Facebook Live

Live streaming is fast becoming the most popular way for young people to let their friends, and the world, know what they’re doing and where they are.

Facebook Live allows users to broadcast in real-time and become the presenter in their own video. Many celebrities use the feature to interact with their fans and get them to ask questions. Companies and news channels also use it to broadcast live from big events. Young people use it to talk to their friends or interact with others online.

How it works:

  • Users can stream live on Facebook using the app. They can also live stream from their computer or laptop if there is a camera connected
  • When users go live, the people on their friends list will be informed that they are currently streaming and will be encouraged to watch
  • As they are live, people can send comments, ‘likes’, hearts and other reaction emojis to show what they think of the video
  • Filters, frames and masks can be added during the stream
  • To finish the stream, users simply press END

What parents need to know:

  • Users can limit who can watch their live stream by editing the privacy settings. The default setting for all live streams is set to public, so encourage them to amend their privacy settings so their stream is viewable by just their friends or a people they may want to invite to see it. 
  • Your child can test out Facebook Live themselves by changing the privacy settings to ‘Only Me’ to get an idea of how it works without anyone else seeing it.
  • They can delete any comments they receive as they are live streaming and limit who is able to comment on their video by changing the privacy settings.
  • If your child has their location settings switched on, this may be shown in the video when they are live streaming. If they don’t want their location shown, then they'll need to turn the location settings off before going live as they can't turn it off once they're live. Remind them to always be mindful of where they are filming. The location of your child's school or home should not be posted, as streaming this may put them at risk of approaches from people they don't know.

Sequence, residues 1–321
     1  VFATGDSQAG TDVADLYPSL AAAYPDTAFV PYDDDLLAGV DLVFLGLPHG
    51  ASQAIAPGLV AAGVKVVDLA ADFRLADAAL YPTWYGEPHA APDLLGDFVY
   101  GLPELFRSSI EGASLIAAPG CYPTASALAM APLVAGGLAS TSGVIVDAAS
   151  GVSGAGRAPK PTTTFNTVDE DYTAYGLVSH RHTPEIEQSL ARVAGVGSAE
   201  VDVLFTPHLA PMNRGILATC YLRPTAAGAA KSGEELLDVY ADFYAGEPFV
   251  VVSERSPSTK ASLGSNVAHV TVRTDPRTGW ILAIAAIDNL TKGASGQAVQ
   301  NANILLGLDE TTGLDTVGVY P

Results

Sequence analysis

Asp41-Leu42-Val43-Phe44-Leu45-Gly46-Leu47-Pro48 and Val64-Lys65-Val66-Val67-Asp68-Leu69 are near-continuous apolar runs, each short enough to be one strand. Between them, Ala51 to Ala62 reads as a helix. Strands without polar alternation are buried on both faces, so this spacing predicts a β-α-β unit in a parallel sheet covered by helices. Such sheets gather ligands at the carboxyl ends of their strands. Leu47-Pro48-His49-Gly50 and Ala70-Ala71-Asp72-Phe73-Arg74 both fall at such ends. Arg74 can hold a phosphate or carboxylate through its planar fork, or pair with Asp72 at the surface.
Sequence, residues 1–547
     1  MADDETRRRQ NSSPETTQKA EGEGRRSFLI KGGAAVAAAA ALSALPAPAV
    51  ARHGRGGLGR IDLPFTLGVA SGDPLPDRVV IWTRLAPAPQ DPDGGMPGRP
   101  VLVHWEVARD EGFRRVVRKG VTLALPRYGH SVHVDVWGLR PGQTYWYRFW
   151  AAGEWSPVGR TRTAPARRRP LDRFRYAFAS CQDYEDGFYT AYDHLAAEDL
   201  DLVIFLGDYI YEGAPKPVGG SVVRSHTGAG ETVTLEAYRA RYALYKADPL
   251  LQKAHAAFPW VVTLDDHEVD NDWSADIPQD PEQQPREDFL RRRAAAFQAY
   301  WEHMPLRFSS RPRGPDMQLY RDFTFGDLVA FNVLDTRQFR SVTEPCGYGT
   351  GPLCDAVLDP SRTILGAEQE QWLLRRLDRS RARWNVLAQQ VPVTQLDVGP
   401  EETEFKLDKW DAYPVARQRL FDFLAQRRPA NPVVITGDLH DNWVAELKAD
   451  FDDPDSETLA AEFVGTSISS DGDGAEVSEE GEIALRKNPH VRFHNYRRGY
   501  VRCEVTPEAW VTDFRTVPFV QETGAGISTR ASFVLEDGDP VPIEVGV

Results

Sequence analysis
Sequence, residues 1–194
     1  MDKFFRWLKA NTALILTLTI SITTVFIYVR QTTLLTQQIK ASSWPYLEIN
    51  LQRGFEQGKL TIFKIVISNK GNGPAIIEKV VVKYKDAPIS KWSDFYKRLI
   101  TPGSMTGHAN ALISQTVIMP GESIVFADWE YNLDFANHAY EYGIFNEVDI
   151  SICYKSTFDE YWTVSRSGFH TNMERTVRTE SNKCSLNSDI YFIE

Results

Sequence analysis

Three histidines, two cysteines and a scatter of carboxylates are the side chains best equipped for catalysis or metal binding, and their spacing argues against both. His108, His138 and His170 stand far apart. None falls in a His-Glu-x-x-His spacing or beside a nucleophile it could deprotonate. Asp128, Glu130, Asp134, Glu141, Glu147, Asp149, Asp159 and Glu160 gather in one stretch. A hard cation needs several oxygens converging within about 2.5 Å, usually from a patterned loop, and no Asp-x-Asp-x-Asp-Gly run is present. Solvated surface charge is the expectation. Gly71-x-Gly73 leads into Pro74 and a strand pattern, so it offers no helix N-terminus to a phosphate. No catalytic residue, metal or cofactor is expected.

• Encourage your child to check that other people they are with when broadcasting live are happy to be shown.
  • Once they end their live stream, they have the option to post it to their Facebook wall for everyone to watch whenever they want, or they can delete the video completely.
  • There is software available that lets viewers record other people's live streams without them knowing. This isn't supported by Facebook and comes from third party sites that find ways of getting around the privacy settings in place. With this in mind, remind your child to be careful of what they're talking about or show. Don't give out any personal information and if they are receiving abuse in the comments, they should delete them, not retaliate and report them to Facebook.

Facebook Live Map

While users can limit who views their live stream by toggling with the privacy settings, it is worth bearing in mind that Facebook has a Live Map feature which shows live streams of people from all across the world. The videos features are ones that have their privacy settings set to public and can involve people doing just about anything. There may be a chance your child will see something they find upsetting or distressing, or you feel is too old for them, so it's important to remind them that they should stop watching it immediately and, if necessary, report it to Facebook using the normal channels.

If an adult makes contact of a sexual nature with a child online, including on any social media platform, you should report it immediately to CEOP.

Please refer to our guide to Live Streaming on our sister site Parent Info for more information on different ways people stream live online.

Take a look at our guide to Facebook’s Secret Conversations

How can I protect my personal data on Facebook?